“All costs in all departments go up,” said Hall, former superintendent of the Addison Northeast Supervisory Union school district. “Schools are being the whipping boy. That’s what’s wrong.”
Weybridge resident Fran Putnam on Monday sought signatures for a statewide petition opposing the school budget cap.
“My feeling is that (the school budget cap) is a blunt instrument — it’s like hitting a mosquito with a sledgehammer,” she said. “It takes away local control.”
“We’re in an environment where local school boards and local voters really decide how much is going to be spent in your local schools, and what your tax rate is going to be in your community,” Sharpe said. “Unless, at the state level, we want to start dictating to school systems when and how they can spend money, as suggested by the caps that were passed in the Senate, we can’t really make dramatic changes.”
Rep. Greg Clark, R-Vergennes, has been the front lines of education finance reform this year as a member of the House Education Committee. He said he believes a cap, on its own, won’t solve the financial problems Vermont schools and taxpayers are currently facing.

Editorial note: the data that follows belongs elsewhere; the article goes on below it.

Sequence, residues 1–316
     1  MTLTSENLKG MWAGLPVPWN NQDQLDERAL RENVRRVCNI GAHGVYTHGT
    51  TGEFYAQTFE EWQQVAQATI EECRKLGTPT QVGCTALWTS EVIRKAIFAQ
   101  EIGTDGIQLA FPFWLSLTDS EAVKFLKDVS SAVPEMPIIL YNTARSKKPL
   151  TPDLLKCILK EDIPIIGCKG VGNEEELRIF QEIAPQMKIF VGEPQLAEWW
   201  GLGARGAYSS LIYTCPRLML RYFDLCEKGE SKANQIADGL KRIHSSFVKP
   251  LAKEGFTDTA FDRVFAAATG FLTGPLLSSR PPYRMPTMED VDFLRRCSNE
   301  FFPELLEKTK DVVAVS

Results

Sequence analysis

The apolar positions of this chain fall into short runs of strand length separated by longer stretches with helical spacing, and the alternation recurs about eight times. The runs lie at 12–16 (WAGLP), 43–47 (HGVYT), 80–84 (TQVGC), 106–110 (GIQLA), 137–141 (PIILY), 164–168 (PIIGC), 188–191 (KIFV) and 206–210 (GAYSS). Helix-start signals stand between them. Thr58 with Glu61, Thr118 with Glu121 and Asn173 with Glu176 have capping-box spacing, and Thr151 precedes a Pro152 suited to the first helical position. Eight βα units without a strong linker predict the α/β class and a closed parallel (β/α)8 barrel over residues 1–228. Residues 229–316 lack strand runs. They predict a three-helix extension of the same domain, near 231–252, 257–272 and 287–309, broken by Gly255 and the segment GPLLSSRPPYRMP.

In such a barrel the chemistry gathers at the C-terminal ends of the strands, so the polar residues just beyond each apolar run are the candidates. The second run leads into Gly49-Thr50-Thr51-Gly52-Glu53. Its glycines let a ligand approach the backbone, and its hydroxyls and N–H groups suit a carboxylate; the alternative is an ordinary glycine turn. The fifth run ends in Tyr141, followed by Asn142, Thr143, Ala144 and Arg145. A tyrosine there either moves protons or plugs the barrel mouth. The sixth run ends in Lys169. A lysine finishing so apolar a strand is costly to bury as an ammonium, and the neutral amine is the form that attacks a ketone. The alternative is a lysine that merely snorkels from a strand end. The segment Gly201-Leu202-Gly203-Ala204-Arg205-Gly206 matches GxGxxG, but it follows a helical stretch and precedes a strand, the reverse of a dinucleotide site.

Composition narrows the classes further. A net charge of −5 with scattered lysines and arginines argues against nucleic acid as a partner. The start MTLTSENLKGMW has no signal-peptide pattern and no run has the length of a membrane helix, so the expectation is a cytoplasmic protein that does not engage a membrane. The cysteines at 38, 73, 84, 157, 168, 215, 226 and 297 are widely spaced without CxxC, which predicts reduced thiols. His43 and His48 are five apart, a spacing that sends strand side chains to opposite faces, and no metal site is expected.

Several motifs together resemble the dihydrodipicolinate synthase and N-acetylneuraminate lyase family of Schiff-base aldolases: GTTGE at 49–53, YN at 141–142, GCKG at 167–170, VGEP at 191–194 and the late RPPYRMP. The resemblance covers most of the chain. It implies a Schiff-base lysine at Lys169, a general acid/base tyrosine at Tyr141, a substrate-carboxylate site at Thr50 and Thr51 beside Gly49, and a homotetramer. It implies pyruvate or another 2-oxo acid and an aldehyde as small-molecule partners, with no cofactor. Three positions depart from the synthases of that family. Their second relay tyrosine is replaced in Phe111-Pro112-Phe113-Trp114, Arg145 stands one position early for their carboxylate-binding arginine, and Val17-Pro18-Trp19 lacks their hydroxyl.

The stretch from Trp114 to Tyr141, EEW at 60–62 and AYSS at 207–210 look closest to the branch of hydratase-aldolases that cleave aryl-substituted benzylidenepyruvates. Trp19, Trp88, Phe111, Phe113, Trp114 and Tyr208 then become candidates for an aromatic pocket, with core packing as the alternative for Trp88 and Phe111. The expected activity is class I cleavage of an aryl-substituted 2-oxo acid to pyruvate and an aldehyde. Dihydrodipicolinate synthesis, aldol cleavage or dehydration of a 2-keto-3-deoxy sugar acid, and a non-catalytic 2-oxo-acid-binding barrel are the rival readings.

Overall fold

“I don’t think we can lower the high spending threshold and say we’ve done the job,” Clark said.
He added time is getting short for lawmakers to work on cutting education costs.
“For the past two weeks, our committee has been talking about not cost-containment, but how can we figure out how to spend more money but pretend we are doing something good,” Clark said
Recent House Education Committee discussion, according to Clark, has focused on bills that would crack down on idling school buses, and give students the option of not dissecting animals in biology class.
“The Vermont property taxpayer will pay $40 million to $50 million more in property taxes next year, and the Legislature will have done just about nothing,” Clark said.
Lawmakers on Monday also discussed the Senate’s endorsement, on April 20, of a resolution urging Vermont’s Congressional delegation to request that the U.S. House Judiciary Committee initiate impeachment proceedings against President George W. Bush and Vice President Dick Cheney.
The Senate voted 16-9 in favor of the resolution, known as SR.17. Both Addison County senators joined the majority on the vote.
Ferrisburgh resident Ted Ferris counted himself among those “totally disgusted” with the Senate’s vote on impeachment.
“One day I read in the paper that the (Senate) President Pro Tem (Peter Shumlin) is saying, ‘We’re not doing impeachment, it’s too late, we won’t be able to have the proper discussion, it’s dead.’” Ferris said. “The next morning, I pick up the paper and there’s the big headline, ‘Senate votes impeachment.’”
Ferris said he was disappointed he didn’t have an opportunity to give input into the issue. He added impeachment is an issue the state’s federal lawmakers should decide and initiate.